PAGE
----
7.  Utilize your freezer.  This week I found a large pack of turkey burger marked down to less than $5 for 3 pounds. I separated it into 1 pound sections and froze it.  You can safely freeze all kinds of things including milk, cheese, chocolate, and nuts.  Check out Andrea Dekker’s list of freezable foods for more ideas.

8.  Don’t pay extra for the convenience.  Bagged salads are more expensive than buying a head of lettuce.  Pre-washed baby carrots are more expensive than unpeeled, full-sized carrots.  Popcorn kernels are cheaper than microwaveable bags.  Oatmeal is WAY cheaper if you buy the large container instead of the small packages (and those aren’t “clean” anyway!).  Consider making your own granola, almond milk, and even yogurt to save money.  Avoid “convenience foods” as much as possible.

9.  Find a good app.  I’ve been wanting to start a price booklet to keep up with the prices of various items that I buy frequently.  My daughter actually found me an app that will do just that.  You enter in the item, size, store and price and it will show you a price per ounce comparison from store to store.  I’ve only just started using this app but it seems like a good way to keep track of what I am paying for things so I’ll be able to recognize a deal when I see one.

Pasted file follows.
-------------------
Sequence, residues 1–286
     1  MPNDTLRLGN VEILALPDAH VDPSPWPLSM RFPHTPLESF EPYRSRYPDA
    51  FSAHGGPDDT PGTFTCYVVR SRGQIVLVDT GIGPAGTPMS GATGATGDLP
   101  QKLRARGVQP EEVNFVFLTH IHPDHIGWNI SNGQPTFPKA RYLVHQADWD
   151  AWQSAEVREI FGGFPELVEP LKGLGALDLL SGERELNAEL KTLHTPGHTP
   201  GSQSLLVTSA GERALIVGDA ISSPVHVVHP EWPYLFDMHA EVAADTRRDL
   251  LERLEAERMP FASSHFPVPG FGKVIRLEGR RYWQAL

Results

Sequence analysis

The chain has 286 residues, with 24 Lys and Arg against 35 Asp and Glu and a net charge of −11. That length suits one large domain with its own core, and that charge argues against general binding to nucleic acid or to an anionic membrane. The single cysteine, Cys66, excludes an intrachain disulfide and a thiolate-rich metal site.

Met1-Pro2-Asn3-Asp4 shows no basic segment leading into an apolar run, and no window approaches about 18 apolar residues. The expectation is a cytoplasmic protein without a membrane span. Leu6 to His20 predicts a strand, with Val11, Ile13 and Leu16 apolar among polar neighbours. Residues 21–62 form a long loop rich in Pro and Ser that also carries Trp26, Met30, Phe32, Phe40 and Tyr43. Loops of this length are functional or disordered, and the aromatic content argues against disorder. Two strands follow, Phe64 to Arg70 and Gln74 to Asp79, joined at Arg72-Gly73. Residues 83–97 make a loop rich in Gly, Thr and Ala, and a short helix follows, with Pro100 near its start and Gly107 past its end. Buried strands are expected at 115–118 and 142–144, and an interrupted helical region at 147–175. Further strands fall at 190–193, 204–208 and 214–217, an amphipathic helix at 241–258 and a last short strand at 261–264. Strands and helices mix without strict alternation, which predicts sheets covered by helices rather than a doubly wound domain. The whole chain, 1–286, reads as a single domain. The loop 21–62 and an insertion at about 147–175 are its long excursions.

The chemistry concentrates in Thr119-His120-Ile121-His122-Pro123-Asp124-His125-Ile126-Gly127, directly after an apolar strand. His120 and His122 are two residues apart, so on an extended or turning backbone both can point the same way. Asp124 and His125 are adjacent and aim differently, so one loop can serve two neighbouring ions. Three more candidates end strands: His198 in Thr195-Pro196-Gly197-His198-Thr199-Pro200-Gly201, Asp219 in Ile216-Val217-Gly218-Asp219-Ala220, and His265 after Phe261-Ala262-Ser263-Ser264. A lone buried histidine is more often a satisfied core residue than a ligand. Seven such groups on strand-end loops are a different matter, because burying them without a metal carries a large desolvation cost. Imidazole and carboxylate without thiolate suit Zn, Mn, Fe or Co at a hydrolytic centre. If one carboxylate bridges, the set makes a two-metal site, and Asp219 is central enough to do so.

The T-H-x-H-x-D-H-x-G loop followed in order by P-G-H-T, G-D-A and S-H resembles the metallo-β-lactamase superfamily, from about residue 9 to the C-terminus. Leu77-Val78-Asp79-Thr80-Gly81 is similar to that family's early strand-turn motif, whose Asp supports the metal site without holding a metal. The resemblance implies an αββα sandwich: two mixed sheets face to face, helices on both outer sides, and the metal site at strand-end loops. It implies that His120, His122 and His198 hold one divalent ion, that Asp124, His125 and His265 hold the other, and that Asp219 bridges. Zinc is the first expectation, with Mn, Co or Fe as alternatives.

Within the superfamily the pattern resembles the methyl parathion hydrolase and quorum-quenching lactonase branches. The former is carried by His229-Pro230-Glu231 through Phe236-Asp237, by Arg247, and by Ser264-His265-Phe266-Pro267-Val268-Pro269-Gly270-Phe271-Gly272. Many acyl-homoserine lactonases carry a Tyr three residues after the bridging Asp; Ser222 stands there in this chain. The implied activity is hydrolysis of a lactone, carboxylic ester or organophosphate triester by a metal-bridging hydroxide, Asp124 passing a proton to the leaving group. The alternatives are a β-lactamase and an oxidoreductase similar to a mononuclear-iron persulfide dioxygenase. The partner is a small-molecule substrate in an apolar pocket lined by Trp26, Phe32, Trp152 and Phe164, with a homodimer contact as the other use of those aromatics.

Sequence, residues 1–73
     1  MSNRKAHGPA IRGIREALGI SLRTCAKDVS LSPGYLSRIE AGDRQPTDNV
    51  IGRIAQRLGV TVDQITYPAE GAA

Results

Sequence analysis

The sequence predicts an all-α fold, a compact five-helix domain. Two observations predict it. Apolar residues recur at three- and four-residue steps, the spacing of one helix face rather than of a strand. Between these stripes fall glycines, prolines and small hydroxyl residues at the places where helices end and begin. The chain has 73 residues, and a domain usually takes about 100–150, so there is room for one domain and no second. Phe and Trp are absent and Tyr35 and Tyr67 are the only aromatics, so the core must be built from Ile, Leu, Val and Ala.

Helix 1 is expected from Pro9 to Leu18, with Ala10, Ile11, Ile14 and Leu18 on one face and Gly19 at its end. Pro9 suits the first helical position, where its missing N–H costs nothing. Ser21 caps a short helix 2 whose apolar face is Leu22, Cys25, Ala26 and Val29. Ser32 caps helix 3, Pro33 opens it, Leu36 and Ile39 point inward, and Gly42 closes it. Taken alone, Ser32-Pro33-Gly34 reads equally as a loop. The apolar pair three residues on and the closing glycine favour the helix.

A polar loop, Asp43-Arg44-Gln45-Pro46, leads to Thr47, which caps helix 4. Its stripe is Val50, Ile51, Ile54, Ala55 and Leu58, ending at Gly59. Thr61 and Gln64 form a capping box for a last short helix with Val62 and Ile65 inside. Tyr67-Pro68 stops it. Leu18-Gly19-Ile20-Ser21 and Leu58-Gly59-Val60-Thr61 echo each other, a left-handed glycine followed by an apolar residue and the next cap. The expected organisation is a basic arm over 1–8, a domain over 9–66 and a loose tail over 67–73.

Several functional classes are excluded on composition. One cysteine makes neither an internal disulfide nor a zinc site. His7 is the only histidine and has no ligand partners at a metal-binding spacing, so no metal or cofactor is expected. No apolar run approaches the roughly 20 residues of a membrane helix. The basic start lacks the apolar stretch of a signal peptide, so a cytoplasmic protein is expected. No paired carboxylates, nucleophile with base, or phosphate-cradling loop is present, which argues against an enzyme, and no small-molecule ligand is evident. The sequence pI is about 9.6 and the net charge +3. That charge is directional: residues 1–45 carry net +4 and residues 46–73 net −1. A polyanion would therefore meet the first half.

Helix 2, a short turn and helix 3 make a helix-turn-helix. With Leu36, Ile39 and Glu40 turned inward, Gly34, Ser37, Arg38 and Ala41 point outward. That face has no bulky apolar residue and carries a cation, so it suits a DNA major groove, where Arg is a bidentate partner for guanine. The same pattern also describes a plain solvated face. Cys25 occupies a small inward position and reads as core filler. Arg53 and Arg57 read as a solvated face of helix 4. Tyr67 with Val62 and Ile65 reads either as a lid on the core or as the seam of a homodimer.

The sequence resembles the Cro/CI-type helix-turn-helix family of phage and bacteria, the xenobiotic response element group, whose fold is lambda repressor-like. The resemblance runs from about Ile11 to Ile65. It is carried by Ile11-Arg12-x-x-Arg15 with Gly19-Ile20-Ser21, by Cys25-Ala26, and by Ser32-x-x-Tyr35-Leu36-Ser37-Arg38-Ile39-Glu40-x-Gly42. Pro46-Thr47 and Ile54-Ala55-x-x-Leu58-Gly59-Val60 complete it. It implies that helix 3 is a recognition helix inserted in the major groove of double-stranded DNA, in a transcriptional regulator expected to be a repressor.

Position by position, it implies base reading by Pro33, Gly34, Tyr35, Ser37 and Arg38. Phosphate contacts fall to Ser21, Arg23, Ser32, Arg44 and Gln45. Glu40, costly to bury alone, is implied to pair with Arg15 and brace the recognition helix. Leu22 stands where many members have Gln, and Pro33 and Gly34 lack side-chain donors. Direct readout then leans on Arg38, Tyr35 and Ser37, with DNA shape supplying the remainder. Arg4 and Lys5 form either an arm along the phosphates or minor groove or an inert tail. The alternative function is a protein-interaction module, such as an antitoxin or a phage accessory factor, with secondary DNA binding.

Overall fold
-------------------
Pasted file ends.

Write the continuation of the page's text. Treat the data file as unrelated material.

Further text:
10.  Buy a cow.  Or half a cow.  A friend of mine purchases a half a cow once a year and splits it with another family.  It’s grass fed beef and I hear it’s really good stuff.  I think the last time it was about $500 for half a cow but the meat lasts forever.  If any of my local friends are interested, look into Nooherooka.

And the bottom line is don’t eat crappy food just because it’s cheap.  Look at food as an investment into your health and your future.

I’m not saying take out a loan so you can buy healthier foods but think about how important eating healthy food really is to you and your children.  Can you cut back on eating out so that you can cook healthier foods at home?  Can you pack your lunch everyday instead of buying it?  Can you drink tap water instead of bottled water?  Making just a few small changes may free up some money in your budget that will make up for the extra cost that is sometimes associated with eating clean.
Eating clean really doesn’t have to be expensive.  If you just make one change at a time (committing to buying all your produce at the Farmer’s Market instead of the Food Lion for instance) it can really start to add up.  I’m going to commit to working on saving money on food over the next three months.  I’ll be posting about it occasionally and I’ll post updates and tips as I have them to share.
What are your favorite ways to save money on food?  How much do you spend on groceries a week?
Please follow and like us:

6 thoughts on “10 Tips for Clean Eating on a Budget

  1. Thanks so much for your tips 😉
    “Don’t pay extra for the convenience”<–it is absolutely true, the pre-cut fruit are much more expensive!! I ‘d rather wash and cut by myself, it’s not only cheaper, but “fresher” 🙂

  2. What app are you using because I am just now getting back into coupons and price comparisons. I would love to be able to just whip out my phone to check if it is a good deal or not 😉 Thanks

    1. Wow…what a great eye opening post. I’d be afraid to keep track in our house. Just yesterday I threw out an entire container of ham ($6.50 at Aldi) that had been shoved to the back of the fridge and forgotten about. 🙁 Not wasting food is definitely something I need to work on!

Leave a Reply

Your email address will not be published. Required fields are marked *